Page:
Sunflowers’ invisible colours help them attract bees and adapt to drought

Sunflowers in half UV. Credit: Marco Todesco

It turns out sunflowers are more than just a pretty face: the ultraviolet colours of their flowers not only attract pollinators, but also help the plant regulate water loss, according to new UBC research.

The dense collection of yellow petals of a sunflower (technically an ‘inflorescence’, or collection of many flowers) is a familiar sight, but it’s hiding something from the human eye: an ultraviolet (UV) bullseye pattern, invisible to humans but not to most insects including bees.

These bullseye patterns have long been known to improve the attractiveness of flowers to pollinators by increasing their visibility. Now, UBC researchers have found the same molecules that produce UV patterns in sunflowers are also involved in helping the plant respond to stresses such as drought or extreme temperatures, in a new paper published today in eLife, potentially providing clues to how plants can adapt to different climates.

“Unexpectedly, we noticed that sunflowers growing in drier climates had flowers with larger UV bullseyes, and found that those flowers are able to retain water more efficiently. This suggests that these larger UV bullseyes help plants adapt to these drier environments,” says lead author Dr. Marco Todesco, a research associate at UBC’s biodiversity research centre and department of botany.

Dr. Todesco and his colleagues grew almost 2,000 wild sunflowers of two species at the university in 2016 and 2019. They measured the sunflowers’ UV patterns, and analyzed the plants’ genomes, and found that wild sunflowers from different parts of North America had UV bullseyes of very different sizes: in some, the bullseye was a thin ring, while in others it covered the whole flower. Larger bullseyes were visited more frequently by bees, supporting previous research of other plant species.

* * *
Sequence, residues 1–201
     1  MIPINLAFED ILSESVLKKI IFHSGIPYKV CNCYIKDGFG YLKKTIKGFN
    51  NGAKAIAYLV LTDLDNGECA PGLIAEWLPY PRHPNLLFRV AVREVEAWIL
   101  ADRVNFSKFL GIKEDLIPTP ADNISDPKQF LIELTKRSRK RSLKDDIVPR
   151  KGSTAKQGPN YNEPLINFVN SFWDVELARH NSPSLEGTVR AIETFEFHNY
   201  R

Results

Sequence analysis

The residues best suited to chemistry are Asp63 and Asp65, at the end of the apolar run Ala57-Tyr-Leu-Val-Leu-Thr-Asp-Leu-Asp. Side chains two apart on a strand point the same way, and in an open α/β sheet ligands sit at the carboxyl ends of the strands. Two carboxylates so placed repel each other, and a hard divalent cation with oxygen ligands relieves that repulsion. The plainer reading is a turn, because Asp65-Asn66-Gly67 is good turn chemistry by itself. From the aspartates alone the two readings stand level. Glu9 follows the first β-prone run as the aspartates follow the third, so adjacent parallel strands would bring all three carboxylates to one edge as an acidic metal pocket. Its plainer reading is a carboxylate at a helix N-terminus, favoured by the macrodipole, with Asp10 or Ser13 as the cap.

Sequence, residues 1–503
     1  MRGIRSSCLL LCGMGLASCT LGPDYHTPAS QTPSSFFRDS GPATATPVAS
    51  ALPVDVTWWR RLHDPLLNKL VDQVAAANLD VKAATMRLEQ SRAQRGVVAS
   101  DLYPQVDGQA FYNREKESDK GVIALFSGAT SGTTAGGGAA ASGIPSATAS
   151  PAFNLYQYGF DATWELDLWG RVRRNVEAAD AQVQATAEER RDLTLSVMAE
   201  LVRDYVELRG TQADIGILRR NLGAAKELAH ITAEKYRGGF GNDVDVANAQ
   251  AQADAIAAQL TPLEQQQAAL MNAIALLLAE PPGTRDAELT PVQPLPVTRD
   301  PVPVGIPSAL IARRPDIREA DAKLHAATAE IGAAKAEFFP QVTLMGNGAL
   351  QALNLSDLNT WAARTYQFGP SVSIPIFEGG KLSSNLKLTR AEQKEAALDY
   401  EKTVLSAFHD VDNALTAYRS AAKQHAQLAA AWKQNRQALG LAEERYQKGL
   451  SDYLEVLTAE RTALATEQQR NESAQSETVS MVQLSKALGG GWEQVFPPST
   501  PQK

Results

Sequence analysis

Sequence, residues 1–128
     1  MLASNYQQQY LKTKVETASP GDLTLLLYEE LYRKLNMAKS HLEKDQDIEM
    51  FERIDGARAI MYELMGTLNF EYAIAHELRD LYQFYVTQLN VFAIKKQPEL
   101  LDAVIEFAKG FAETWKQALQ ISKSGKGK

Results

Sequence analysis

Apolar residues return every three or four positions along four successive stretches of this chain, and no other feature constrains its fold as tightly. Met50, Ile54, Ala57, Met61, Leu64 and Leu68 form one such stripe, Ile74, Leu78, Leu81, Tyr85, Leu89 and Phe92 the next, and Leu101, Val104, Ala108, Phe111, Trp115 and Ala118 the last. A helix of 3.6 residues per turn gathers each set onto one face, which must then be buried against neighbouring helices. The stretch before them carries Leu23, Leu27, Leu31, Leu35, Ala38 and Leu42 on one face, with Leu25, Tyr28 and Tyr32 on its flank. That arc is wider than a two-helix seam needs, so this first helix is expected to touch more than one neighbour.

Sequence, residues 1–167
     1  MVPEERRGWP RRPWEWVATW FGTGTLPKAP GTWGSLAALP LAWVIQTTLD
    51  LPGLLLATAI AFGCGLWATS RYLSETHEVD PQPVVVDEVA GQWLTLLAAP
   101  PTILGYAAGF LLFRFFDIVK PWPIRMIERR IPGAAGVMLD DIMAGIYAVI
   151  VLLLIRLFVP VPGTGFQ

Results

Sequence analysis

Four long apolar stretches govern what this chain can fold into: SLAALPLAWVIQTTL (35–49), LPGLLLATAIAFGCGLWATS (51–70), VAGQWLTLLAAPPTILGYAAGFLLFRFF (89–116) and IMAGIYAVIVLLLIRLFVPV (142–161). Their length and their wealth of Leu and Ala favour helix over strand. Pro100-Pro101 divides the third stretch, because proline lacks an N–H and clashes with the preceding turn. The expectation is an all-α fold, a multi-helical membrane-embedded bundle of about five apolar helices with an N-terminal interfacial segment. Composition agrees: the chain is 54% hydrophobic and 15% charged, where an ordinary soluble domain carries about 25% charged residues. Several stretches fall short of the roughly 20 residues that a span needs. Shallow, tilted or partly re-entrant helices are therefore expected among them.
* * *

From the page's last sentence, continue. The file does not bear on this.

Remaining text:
UBC fields_Credit Ivana Imerovski

Image Credit: Ivana Imerovski
The Plant Care Services staff is proud to have supported this project through access to services at the Totem field station.

 

Sunflowers with UV bullseyes in false colour. Credit: Marco Todesco

Sunflowers with UV bullseyes in false colour. Credit: Marco Todesco

The researchers found that a single gene, HaMYB111, was responsible for most of the diversity in floral UV patterns. This gene controls the production of UV-absorbing flavonol compounds, which are also known to help plants survive under different environmental stresses like drought or extreme temperatures. Larger floral UV patterns that have more of these compounds could help reduce the amount of evaporation from a sunflower in environments with lower humidity, preventing excessive water loss. In humid, hot environments, smaller UV patterns would instead promote this evaporation, keeping the plant cool and avoiding overheating, the authors say.

“Floral UV patterns appear therefore to play at least a dual role in adaptation; besides their well-known effect on enhancing pollination, they also regulate water loss from flowers,” says senior author Dr. Loren Rieseberg (he/him), a professor in the department of botany and the biodiversity research centre. “That’s not something you would necessarily expect a flower colour to do, and it exemplifies the complexity and efficiency of adaptation – solving two problems with a single trait.”

Sunflowers are cultivated for various purposes, including sunflower oil production, a roughly US$20 billion dollar industry in 2020. This research could help add to knowledge about how to attract pollinators, potentially increasing crop yields, says Dr. Todesco. “This work also helps us understand how sunflowers, and potentially other plants, better adapt to different areas or temperatures, which could be important in a warming climate.”

The researchers also want to better understand how HaMYB111 regulates the size of UV bullseyes, and examine in more detail how those patterns affect plant physiology as well as investigate how exactly flavonol compounds affect water loss.


Story originally published by UBC Media Relations (Alex Walls), January 18, 2022